Debian Weekly News - August 29th, 1999

Welcome to the 33rd issue of Debian Weekly News, a newsletter for the Debian developer community.

Raphaƫl Hertzog wrote that "the sponsor idea has some success so I wrote a CGI script to keep track of people looking for sponsors". Several people chimed in with reports of the success of the sponsor program.

Dale Scheetz posted about the trouble he's having. To build libc, he needs to first build packages ranging from X to perl. This is a good example of how tightly intertwined our source dependencies are, and of how hard it can be to bootstrap a new port. It's unclear how or if these problems will be solved, though having source dependencies available for analysis might help. And it looks like source dependencies are going into policy; there is a consensus on the policy list about how to do it.

Anyone who bought the first printing of "Debian GNU/Linux: Guide to Installation and Usage" got a book with binary CD #2 in the back, instead of CD #1 which is required to install Debian. The publisher is aware of the mistake and is offering free replacement CDs.

CPU Review reviewed Debian, with mixed results: "Debian 2.1r2 appears to be a technically very solid distribution" but "The installation procedure MUST be simplified if the Debian project wants to attract large numbers of new users".

In security news, a new version of epic4 was released, to fix a denial of service vulnerability. Debian's cron package is not vulnerable to the buffer overflow found in Red Hat packages. It is vulnerable, however, to an associated problem, and a fix has been uploaded. Holes have also been discovered in X, proftpd, and other ftp servers this week, and the maintainers are working on the problem, though fixes have not yet been uploaded. Also, Martin Schulze posted a draft Debian Security Policy, which outlines the tasks of the security team and what they can do to quickly get security problems fixed.

Anyone reading debian-devel lately has noticed many Intent To Package announcements from members of the Debian JP project. Among these, there has been a disturbing trend of "-ja" packages being made that are existing packages (like mutt, jed, and slrn), with just a Japanese internationalization patch applied. This trend culminated this week in the ITP of grep-ja, and Wichert Akkerman spoke up against the whole practice. "What I was hoping to see with the integration of Debian-JP is that all the multibyte patches would be *integrated* with Debian, not a senseless forking of lots of packages." And with replies such as this one from Taketoshi Sano, it seems that Debian-JP has gotten the message.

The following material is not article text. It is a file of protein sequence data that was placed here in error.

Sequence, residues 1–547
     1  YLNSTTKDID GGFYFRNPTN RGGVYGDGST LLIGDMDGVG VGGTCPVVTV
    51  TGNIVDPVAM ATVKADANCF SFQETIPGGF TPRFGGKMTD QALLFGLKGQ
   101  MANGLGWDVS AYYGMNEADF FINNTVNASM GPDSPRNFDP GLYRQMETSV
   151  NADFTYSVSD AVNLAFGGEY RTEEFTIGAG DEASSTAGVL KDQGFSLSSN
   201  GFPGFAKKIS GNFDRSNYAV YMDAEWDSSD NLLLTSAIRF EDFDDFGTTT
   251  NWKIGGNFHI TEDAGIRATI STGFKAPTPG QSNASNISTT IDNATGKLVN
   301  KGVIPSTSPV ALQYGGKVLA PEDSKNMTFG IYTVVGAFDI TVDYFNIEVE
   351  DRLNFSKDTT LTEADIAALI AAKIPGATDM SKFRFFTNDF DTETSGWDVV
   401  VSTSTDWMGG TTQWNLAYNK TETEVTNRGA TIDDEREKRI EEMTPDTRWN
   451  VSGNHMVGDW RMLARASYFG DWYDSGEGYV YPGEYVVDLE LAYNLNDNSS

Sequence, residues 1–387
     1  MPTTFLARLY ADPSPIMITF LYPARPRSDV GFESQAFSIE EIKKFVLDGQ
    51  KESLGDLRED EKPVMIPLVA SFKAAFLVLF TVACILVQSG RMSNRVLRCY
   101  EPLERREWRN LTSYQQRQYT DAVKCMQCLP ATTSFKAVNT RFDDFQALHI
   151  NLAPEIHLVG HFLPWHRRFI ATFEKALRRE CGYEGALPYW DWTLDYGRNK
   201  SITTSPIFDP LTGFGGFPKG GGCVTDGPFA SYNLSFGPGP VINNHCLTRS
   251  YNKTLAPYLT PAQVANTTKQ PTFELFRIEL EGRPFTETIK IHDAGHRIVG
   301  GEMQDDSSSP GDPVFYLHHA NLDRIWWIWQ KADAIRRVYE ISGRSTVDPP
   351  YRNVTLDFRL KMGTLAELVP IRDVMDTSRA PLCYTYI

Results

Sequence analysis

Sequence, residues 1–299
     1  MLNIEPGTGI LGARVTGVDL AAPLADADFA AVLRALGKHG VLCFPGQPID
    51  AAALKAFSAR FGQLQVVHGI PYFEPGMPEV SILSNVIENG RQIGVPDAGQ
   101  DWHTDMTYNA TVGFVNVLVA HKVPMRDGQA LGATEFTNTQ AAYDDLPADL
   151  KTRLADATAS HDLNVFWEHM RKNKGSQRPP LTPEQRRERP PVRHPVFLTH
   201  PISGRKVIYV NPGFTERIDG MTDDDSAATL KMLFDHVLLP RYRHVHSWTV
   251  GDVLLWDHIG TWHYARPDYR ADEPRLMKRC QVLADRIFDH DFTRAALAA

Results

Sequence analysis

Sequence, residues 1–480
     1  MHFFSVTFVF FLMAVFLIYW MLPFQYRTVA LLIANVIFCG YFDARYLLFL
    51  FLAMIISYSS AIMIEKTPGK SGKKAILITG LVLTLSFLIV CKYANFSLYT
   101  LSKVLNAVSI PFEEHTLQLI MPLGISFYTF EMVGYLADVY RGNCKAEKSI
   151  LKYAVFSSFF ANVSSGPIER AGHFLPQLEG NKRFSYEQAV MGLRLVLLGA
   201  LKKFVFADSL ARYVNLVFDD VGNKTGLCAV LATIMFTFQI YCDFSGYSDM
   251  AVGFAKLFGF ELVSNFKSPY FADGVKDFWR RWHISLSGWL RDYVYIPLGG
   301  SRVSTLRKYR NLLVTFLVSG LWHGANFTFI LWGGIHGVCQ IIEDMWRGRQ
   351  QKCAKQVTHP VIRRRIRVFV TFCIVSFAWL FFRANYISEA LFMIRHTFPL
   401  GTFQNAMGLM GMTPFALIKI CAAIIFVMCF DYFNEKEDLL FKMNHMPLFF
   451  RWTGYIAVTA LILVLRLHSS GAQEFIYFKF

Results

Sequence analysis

Adam Di Carlo pointed out that this problem with Debian JP packages is just another sort of fork -- and Debian has been accused before by "some rather prominent people in the free software world of having hidden forks in our packages" -- most recently when it turned out we had long ago fixed the cron security hole mentioned above, and the fix had not reached all other distributions (note that cron is not maintained upstream, so it couldn't be simply sent to the author).

And speaking of Debian-JP, as usual a news summary of what's been going on in that project is available, from a web site this time.

7 New packages were added to Debian this week:

We'll close this week with something to think long and hard on. John Goerzen posted a very sobering message: "We have some serious problems. These are critical ones. It seems to me that our organization is breaking down." He went on to list a variety of problems, including release frequency, bugs that aren't being worked on, the inconclusive debates about /usr/share/doc/, etc, and concluded, "Where is all our effort going? Flamewars and power struggles." John's message is very much worth reading and thinking over; although people can refute specific points he made, the tone of his message and his conclusions match what people are feeling right now.

Thanks to Simon Holgate, Randolph Chung, and Katsura S. Yoshio for contributing.

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This issue of Debian Weekly News was edited by Joey Hess.